> 2014. APBG AGM
Location: Room 23, Level 4, Building 2, UTS - Room 2.4.23. 15 Broadway, Ultimo, NSW, 2007
Date: Tuesday 28 October 2014
Time: 5pm-6pm then
Talk by Professor John Carlin, Murdoch Children’s Research Institute & The University of Melbourne
Talk Topic : Assessing the risk of a rare adverse outcome following rotavirus vaccination: a case study in biostatistical methods and collaborative engagement
Location: Room 6, Level 4, Building 2, UTS Tower building- Room 2.4.6. 15 Broadway, Ultimo, NSW, 2007
Date: Tuesday 28 October 2014
Time: 6:30pm-7.30pm (Refreshments from 6pm)
> 2014 Do pharmacological interventions reduce drugs-related deaths ?
Speaker, Professor Sheila M Bird. MRC Biostatistics Unit, Institute of Public Health, Cambridge, UK
Date: 2nd July 2014
Venue: The Sebel Hotel. 28 Albion St Sydney 2012
> 2012. Mixed Treatment Comparisons
Date: 4th 5th June 2012
Venue:MGSM Executive Hotel and Conference Centre. 99 Talavera Rd, Macquarie Park 2113 Tel. 02 9850 9082
Details: This workshop on Mixed Treatment Comparisons (MTC) is proudly supported by the Australian Pharmaceutical Biostatistics Group (APBG) and the Statistical Society of Australia (SSAI).
The workshop utilises the expertise of Professor George Wells form the Department of Epidemiology and Community Medicine Director, University of Ottawa Heart Institute.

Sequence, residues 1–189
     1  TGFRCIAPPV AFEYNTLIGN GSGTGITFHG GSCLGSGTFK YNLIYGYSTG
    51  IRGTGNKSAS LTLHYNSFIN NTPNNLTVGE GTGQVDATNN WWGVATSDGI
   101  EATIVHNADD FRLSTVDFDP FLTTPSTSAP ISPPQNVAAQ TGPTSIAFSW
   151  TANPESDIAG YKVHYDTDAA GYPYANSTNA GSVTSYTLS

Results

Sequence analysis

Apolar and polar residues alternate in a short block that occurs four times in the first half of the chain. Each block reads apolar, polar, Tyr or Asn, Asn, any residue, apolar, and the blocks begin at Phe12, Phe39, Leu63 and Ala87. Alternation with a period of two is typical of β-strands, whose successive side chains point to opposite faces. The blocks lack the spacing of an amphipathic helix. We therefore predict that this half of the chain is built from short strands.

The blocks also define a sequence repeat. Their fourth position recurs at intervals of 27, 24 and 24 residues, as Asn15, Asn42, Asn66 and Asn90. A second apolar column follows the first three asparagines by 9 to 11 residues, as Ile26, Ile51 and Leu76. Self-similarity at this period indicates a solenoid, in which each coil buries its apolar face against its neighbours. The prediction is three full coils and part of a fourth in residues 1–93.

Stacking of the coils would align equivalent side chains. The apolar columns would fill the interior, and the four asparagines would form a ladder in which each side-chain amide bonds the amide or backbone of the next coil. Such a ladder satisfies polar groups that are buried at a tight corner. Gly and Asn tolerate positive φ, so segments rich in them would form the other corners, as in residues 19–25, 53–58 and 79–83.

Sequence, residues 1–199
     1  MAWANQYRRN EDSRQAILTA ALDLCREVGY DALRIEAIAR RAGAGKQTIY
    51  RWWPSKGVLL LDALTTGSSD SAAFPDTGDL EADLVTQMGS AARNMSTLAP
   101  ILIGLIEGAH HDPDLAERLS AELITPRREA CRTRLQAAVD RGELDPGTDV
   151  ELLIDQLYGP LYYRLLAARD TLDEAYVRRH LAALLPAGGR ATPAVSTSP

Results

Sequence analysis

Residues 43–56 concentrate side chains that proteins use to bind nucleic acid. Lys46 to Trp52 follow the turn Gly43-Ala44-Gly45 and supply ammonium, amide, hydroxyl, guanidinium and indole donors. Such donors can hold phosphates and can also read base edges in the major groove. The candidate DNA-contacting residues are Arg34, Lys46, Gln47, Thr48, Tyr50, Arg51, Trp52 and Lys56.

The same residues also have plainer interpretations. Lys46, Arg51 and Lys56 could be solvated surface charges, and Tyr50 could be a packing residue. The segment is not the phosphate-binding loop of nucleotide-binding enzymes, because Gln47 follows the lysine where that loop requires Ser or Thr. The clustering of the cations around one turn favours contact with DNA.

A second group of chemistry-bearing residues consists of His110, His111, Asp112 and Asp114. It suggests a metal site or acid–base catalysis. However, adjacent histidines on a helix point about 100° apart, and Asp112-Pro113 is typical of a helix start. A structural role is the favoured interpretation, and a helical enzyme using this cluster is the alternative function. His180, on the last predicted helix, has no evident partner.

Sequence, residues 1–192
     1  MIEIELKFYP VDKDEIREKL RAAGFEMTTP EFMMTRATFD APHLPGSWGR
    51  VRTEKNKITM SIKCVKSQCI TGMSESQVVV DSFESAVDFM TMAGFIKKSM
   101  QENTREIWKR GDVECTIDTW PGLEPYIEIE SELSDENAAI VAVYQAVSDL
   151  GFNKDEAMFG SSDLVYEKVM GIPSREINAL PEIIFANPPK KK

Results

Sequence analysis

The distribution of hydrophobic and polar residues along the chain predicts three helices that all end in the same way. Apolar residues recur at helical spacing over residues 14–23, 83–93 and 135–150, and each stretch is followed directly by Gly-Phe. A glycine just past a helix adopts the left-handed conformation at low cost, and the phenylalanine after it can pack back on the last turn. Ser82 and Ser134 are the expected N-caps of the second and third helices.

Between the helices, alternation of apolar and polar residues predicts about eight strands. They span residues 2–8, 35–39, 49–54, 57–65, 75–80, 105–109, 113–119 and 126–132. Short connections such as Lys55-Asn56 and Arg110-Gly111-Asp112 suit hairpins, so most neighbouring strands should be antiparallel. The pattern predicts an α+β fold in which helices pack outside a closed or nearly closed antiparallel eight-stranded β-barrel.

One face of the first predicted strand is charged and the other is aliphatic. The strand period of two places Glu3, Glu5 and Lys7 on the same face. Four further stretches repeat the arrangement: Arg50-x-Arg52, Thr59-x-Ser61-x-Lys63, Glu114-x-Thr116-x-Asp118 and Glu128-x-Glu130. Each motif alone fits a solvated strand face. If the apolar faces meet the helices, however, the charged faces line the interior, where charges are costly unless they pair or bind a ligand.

Day 1 will be a high level overview on MTCs and their applications. There will be demonstrations of worked examples using SAS and Win BUGs. A brief outline includes: Introduction to indirect treatment comparisons Network meta-analysis methods
Part 1: Bucher approach and the Frequentist network meta-analysis - general linear mixed models Network meta-analysis methods
Part 2: Bayesian network meta-analysis - mixed treatment comparisons Worked example - Bayesian network meta-analysis Worked example -
Frequentist network meta-analysis
Day 2: will be more practical hands on session with applications of what was taught in Day 1.
There will be several breakout sessions where groups will work through examples and present back.
The day will conclude with limitations and future research.
Programs: Detailed Program Registrations: Register from SSAI Website
> 2011. Adaptive Designs for clinical trials
Date: 6-7th April 2011
Venue: MGSM Executive Hotel and Conference Centre. 99 Talavera Rd, Macquarie Park 2113 Tel. 02 9850 9082
Details: This workshop on adaptive design is proudly supported by the Australian Pharmaceutical Biostatistics Group (APBG), the Statistical Society of Australia (SSAI) and the George Institute.This workshop takes advantage of Dr Brenda Gaydos’ visit to Australia. Brenda is the Eli-Lilly specialist in adaptive designs, has a wealth of experience to share and has written several papers including one on Good Clinical Practice in this area. She will team-up with two leading researchers in adaptive designs, Dr Patrick Kelly of Sydney University, and Dr Frank Bretz of Novartis, Switzerland. Frank is an adjunct professor of the University of Hannover (Germany), and has published more than 100 papers and two books on multiplicity issues.
Programs: Detailed Program Registrations: Register from SSAI Website
> 2009. Challenges of running oncology clinical trials